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interior design students advance in big ten design challenge Interior design student team aln from ides 3622, taught by Assistant Professor Genell Ebbini, won first place in the University-wide Big Ten Design Challenge. The team, composed of Abby Hartman, Leif Kutschera, and Kristina Newland, created a proposal for the Coffman b60 computer space. They will now advance to the next round of the competition where their proposal will compete against work from other Big Ten schools. Three top teams will be selected to move to the final judging round at Herman Miller headquarters in February 2019. The top team at Herman Miller will receive the grand prize of $2,000, and their institution will receive $80,000 in Herman Miller furnishings and $15,000 in space improvements for the selected space.
gendering architecture, architecting gender Created by the Women in Architecture Student Organization (wiaso), the hga Gallery Link exhibition “Gendering Architecture, Architecting Gender,” shined a spotlight on historic and contemporary female architects this fall. “We wanted students, faculty, and professionals to acknowledge the contributions of female architects who have been dismissed, belittled, or denied credit for their work,” said Dana Saari, an organizer for wiaso. z.umn.edu/emg19f 12 EMERGING SPRING 2019
the (un) named woman For Sydney Shea (Landscape Architecture), what started as a research project on the gender gap in public sculptures has turned into an investigation of how women are represented in sculptures at the Minnesota State Capitol. “A researcher categorized all of the statues in the U.K. and I found the idea really interesting, so I applied it to the Minnesota State Capitol.” Through her research, Shea has found that when it comes to public sculptures honoring named women, there are just two plaques at the capitol.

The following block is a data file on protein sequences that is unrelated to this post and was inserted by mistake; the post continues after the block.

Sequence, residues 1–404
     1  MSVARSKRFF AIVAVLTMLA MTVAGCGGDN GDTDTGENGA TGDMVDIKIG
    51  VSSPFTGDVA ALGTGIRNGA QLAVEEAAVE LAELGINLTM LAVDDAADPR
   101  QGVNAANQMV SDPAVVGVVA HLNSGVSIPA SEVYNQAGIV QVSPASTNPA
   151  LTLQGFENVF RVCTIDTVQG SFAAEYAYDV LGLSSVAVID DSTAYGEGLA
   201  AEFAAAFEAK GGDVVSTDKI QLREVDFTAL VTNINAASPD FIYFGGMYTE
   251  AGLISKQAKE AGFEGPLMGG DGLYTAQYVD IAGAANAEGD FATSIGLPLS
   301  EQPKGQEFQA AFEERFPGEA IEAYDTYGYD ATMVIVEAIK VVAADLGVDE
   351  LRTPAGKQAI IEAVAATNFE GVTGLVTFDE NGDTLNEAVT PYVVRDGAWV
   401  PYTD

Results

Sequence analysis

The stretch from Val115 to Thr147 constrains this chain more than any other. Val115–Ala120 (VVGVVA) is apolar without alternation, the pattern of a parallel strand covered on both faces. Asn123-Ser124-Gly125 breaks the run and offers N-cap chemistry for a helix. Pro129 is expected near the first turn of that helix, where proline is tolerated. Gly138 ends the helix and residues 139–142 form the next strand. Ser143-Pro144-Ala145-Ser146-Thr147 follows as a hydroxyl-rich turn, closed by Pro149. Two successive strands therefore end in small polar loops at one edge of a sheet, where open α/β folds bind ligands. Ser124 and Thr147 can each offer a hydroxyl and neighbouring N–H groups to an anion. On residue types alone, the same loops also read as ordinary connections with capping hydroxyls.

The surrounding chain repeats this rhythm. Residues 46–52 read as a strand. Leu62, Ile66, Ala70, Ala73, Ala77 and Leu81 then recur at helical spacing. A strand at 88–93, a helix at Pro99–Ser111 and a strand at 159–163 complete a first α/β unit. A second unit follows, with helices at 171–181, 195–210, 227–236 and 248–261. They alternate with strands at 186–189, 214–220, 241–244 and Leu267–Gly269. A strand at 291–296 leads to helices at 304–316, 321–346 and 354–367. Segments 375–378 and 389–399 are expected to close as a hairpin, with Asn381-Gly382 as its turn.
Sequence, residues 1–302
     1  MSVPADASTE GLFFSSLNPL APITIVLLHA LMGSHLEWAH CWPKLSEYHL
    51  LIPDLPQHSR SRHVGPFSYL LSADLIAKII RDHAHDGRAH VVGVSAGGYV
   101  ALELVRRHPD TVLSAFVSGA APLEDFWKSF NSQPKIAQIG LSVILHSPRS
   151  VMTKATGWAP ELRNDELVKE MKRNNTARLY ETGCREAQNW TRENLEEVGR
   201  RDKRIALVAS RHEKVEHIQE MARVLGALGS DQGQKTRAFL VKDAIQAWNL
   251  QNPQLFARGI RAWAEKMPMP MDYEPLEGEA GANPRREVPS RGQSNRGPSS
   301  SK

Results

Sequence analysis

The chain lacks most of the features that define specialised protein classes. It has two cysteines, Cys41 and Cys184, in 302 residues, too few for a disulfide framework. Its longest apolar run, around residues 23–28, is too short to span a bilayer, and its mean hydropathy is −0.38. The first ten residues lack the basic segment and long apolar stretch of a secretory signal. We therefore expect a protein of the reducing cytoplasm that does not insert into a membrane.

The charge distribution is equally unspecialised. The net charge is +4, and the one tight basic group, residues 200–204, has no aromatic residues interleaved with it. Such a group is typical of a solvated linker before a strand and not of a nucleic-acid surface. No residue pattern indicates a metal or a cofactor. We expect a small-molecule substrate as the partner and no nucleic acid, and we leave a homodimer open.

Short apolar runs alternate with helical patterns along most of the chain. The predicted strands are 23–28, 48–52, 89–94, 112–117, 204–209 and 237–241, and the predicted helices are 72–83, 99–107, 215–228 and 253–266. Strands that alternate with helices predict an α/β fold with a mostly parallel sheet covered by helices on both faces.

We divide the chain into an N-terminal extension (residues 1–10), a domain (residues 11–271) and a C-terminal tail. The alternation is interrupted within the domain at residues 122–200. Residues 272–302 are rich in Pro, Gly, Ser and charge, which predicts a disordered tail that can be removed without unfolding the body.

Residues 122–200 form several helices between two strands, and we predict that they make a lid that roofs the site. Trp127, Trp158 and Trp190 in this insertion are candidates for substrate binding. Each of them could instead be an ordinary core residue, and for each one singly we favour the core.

dreams take flight Benjamin Krause and Juan Rujana (both Product Design) each won third place in the 2018 Xingshi Cup International Industrial Design Competition, one of China’s leading design competitions. Krause won for his project The Avelo Crutch, which he designed as part of his capstone project. Rujana won with The eYe, an assistive technology for visually impaired individuals, which was designed as part of his computer aided design methods course. As part of their prize, the two traveled to Foshan, China, to tour manufacturing businesses and meet people who could help produce their designs. facebook.com/uofmdesign
Image credit on “Gendering Architecture, Architecting Gender”: Dana Saari. Image credit on "Designing Across Disciplines": Youngjin Park.
Re-take screenshot w/ o names
students student achievements Josie Adkins, Anna McKenna, and Jennifer Moss (all Graphic Design) created posters that were featured at the 8th Annual Minnesota Muscle Team Gala held by the Muscular Dystrophy Association. Caroline Albers (Apparel Design), Walter Lee (Human Factors and Ergonomics), and Stephanie Wang (Apparel Design) won the Jury Prize in the functional category of the iswc Design Exhibition.
designing for good: students make global impact This fall, students in Professor Lucy Dunne’s technical apparel design studio course created new garments for vulnerable girls in Uganda. With a focus on teaching students about garment production, Dunne’s class takes students through the entire product design process. The finished garments are then sent to the girls at Blue House Uganda. For many of the residents of Blue House, these garments are the first new clothing they have ever received. “We’ve been making clothing for Blue House for six or seven years. We’ve made play clothes, church dresses, sleepwear, rain ponchos, and sweatshirts. The girls are always so excited to receive them,” said Dunne. z.umn.edu/emg19g design.umn.edu